So far, people either love or hate the Blackberry. For people who want email on the go, it has been an addictive craze (sometimes referred to as "Crackberry"). Others tend to sneer at it as an overgrown pager. Blackberry is doing its bit to dispel that image, with the recently-leaked news that a Wi-Fi enabled version will shortly be available. This follows smartly on the heels of the arrival of the 7230 here, along with the 7730, a slightly souped-up version . All this goes a long way to dispel some of the objections to the Blackberry. The device is no longer a pokey little texter - it can do much more than that. However, despite the additional functions, it hasn't got overgrown; it is still small and simple to use. And - thanks to its limitations - it still has a truly amazing battery life. The main trade-off is a lack of expandability, but this is easily outweighed by the pleasure of using a device that just does its job. Lots of functions
Blackberry's makers, Research In Motion (RIM), added phone functions earlier in 2003 and the 7230 has a full colour screen. At 240x1160 pixels, the screen is smaller than that on a PDA and it is not bright, although it does have a backlight. It is also not a touch-screen, so you navigate by rolling a scroll-wheel on the side of the device, with your thumb. This turns out to be quite easy to do and a Back button takes you to previous screens. The details of the user interface are quite well worked out, for instance scrolling up in the calendar takes you onto the top line of the screen so it is easy to change to a different date. The phone implementation in this model includes a mike and a speaker, so you can put the phone to your head to talk, or else use a headset. It's more than usable; it dials from your contact book and works in tri-band for international traveller. You wouldn't buy this just for the phone along, but you could conceivably ditch your other phone if you used this. One good thing is putting a traditional number dial pad on the keyboard, so you can dial just as you would a normal phone. Another nice touch is using that scroll-wheel as a volume control. The machine connects to the PC, and charges, using USB. RIM recommends you plug it in for about 15 minutes a day to keep it topped up, but you can easily go for several days without charging. There is also a mains adapter, with cunningly designed international power connectors, but I never needed any more than the USB charge. The system has 16M of memory, enough to hold a lot of email (it just downloads the text unless you ask for more). Using it for real
It used to be that your company had to get the Blackberry religion and put in a corporate Blackberry Enterprise Server to give employees access to email. Now the device comes with a web client which lets you forward email to it from up to ten POP3 email accounts. T-Mobile, Vodafone and O2 all provide the devices in the UK, with suitable contracts. For one month I used a Blackberry 7230 from O2, and became more and more accustomed to it. The parts that I thought would be awkward turned out not to be. This was my first extended trial of a device with a tiny QWERTY keyboard, and I liked it. You use these "squirrel fashion" with two thumbs, and some people despise them, while others take to them. It is not to do with whether you are a touch-typist or not, as I found I enjoyed using it. I believe it is more to do with what you want to write and how you think about it, rather than your dexterity. The only way to find if it works for you is to try it. After a while, I was pitching stories and even wrote one or two on its keyboard (though the sub-editors would prefer it if I didn't do that too often, as the errors piled up even more than in my usual copy). I also became adept at browsing the Web with the scroll-wheel. After years of vilifying WAP, I found that it really is quite useful to see the web on a mobile device - if it is one that you can use reasonably well. I delivered one story to publish on the way to Copenhagen airport, and when we landed at Heathrow, I checked it was online and in good shape. I read about the downfall of Conservative leader Ian Duncan-Smith (remember him?) while sitting in a restaurant. If it had been any other news story that might have made a difference to my evening. Looking at the web on the move is still not a great experience. I didn't look at anything but text sites, and didn't try to do anything with transactions, like buying books from Amazon, But I found myself using it. The thing comes with contacts, calculator, calendar and note-taker, as well as a break-out style game which my daughters appreciated. It synchs easily to Outlook, although when you use it on the road, it is not synched but receives a copy of each email that comes to your POP3 account, so you can find you have a lot of email in your in-tray on your return that you have dealt with already.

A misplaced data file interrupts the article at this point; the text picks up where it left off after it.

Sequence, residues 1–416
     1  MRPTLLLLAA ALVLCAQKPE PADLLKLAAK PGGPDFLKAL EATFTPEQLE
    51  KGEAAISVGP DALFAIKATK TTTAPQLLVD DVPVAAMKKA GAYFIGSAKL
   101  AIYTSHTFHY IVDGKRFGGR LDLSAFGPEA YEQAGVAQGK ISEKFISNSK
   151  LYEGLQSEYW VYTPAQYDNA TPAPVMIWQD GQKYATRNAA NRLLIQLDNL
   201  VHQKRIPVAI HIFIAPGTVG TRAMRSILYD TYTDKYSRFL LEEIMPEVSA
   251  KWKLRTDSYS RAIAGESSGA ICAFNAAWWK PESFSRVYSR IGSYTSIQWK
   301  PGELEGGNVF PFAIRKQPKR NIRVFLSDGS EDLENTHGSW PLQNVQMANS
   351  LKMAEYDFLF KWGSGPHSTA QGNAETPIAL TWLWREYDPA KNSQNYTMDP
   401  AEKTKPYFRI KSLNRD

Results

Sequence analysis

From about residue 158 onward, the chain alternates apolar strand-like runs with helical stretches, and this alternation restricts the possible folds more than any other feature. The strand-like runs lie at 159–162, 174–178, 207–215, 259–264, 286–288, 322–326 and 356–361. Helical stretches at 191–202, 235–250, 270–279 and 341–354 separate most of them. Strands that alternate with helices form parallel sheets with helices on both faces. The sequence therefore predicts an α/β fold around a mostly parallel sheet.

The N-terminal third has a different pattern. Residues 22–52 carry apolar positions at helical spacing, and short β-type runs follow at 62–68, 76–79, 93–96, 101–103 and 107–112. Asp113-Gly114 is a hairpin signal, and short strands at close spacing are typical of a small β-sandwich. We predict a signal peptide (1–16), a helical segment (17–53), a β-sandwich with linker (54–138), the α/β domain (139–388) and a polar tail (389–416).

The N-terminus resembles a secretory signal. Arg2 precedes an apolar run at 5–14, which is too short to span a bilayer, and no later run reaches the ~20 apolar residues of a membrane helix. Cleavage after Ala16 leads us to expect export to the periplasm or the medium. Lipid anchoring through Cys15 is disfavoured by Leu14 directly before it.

OUR VERDICT

If you want to do email on the move, then you should consider the Blackberry. If its niche image has put you off in the past, think again, because it is now a sensible multi-purpose gadget, with a very usable phone and web browser. The screen may look small, and you haven't got a stylus to play with, but you gain massively on battery life.